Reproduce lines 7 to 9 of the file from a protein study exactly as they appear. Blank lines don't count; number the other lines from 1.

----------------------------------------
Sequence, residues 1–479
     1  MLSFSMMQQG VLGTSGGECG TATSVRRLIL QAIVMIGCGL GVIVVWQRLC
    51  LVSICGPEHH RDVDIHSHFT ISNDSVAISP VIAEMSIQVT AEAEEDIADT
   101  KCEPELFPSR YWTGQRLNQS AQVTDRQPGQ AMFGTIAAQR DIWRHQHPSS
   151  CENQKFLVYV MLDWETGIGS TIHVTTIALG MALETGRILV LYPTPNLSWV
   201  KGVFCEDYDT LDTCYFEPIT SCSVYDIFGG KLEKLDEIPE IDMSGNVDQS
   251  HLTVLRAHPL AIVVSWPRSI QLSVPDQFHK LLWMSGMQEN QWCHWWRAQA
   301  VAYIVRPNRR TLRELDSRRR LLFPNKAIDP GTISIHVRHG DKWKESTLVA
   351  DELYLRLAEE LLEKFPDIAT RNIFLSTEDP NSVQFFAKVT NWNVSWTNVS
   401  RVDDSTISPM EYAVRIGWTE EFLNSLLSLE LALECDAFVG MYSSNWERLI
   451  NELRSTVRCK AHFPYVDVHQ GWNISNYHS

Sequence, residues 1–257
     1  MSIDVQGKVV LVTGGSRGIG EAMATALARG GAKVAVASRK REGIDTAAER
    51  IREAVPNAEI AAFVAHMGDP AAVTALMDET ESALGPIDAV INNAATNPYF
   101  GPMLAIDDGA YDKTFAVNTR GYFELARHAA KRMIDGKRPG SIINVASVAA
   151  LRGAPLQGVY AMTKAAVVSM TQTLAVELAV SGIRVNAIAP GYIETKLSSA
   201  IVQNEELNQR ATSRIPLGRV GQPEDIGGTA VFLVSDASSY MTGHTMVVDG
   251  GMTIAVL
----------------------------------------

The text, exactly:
   251  HLTVLRAHPL AIVVSWPRSI QLSVPDQFHK LLWMSGMQEN QWCHWWRAQA
   301  VAYIVRPNRR TLRELDSRRR LLFPNKAIDP GTISIHVRHG DKWKESTLVA
   351  DELYLRLAEE LLEKFPDIAT RNIFLSTEDP NSVQFFAKVT NWNVSWTNVS